RESEARCH TRIANGLE PARK, N.C. – Despite vociferous criticism from Red Hat about Novell’s embrace of Microsoft, a major Red Hat partner has now signed on to support the Novell-Microsoft alliance for Suse Linux.

In an announcement sure to curdle the milk of some red-faced Hatters, Dell said Sunday that it would be the first hardware vendor to support the Microsoft-Novell venture in open source.

While Red Hat has described the Microsoft-Novell deal in terms of Chamberlain and Hitler, Dell said it was hearing demand from customers for the Suse package. Dell responded.

However, the deal includes one caveat.

As Sumner Lemon noted in PC Advisor, Dell said it would focus on corporate customers who aren’t already using Linux – as in Red Hat. Dell has been a long-time and major supporter of Red Hat Linux.

Novell and Microsoft announced what was a blood-curdling deal to many in the open source community last November. After all, Microsoft is the Borg of software to the Linux world. Microsoft has said it would make a similar deal with Red Hat (indemnification from potential patent claims, etc.) but so far the Hatters have said no.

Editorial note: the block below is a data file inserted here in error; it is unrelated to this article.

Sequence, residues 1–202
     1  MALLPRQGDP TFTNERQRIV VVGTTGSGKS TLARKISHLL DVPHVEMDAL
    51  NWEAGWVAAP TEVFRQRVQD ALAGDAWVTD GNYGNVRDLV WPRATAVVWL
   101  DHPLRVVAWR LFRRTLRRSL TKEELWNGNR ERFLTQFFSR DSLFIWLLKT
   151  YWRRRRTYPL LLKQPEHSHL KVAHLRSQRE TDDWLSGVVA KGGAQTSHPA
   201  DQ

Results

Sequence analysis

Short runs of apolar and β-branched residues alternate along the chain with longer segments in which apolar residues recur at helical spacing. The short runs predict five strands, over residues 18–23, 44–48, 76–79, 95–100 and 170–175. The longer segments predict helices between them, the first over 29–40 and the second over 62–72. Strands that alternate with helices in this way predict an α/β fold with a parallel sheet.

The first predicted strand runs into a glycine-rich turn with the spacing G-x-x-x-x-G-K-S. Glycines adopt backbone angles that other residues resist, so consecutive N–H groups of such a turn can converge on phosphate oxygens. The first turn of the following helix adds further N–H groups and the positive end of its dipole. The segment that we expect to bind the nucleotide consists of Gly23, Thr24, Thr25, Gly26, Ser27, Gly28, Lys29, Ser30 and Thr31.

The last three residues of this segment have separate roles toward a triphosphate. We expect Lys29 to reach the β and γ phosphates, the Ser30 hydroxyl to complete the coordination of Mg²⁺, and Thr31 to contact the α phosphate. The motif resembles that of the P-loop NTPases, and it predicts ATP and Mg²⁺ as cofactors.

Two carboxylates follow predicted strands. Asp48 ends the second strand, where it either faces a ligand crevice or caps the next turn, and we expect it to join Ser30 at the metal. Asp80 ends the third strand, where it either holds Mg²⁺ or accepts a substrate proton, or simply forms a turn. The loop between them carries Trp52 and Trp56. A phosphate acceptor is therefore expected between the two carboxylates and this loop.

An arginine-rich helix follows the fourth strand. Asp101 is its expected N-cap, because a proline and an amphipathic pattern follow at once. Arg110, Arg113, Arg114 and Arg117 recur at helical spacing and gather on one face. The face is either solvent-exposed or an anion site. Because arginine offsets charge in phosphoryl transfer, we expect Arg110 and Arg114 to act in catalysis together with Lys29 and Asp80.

Whether Red Hat can resist what appears to be growing demand for more interoperability between Windows and Red Hat remains to be seen,
The Seattle Post Intelligencer gave the Microsoft/Novell-Dell deal story major play in Monday’s editions. The paper described the Microsoft-Novell alliance as “unusual,” which is putting it kindly in the view of its critics.

Rick Becker, vice president of solutions in the Dell Product Group, told the paper that the Microsoft-Novell program’s offerings “resonate very strongly with our customers.” He noted specifically the “assurance” from Microsoft about intellectual property and patents.

However, Linux backers dispute the notion that the software infringes on Microsoft IP at all.

The Dell decision certainly increases competitive pressure on red Hat, which is also locked in combat with another partner, Oracle, and its “Unbreakable Linux” offering designed to win away Red Hat support customers.

Does Dell’s embrace of Novell and Microsoft mean much? Time will tell.

"From Novell’s perspective, I think it’s fair to say that having Dell on board does give the whole relationship (with Microsoft) more credibility," Al Gillen, research vice president at analyst firm IDC, told the Seattle newspaper. But he didn’t say Red Hat should panic, either, noting that he expected the deal to not have a significant impact of Dell server sales equipped with Red Hat or Suse.

Still, seeing a major partner like Dell sign on to Microsoft and Novell can’t be the most pleasant way for Red Hat management to begin a new week.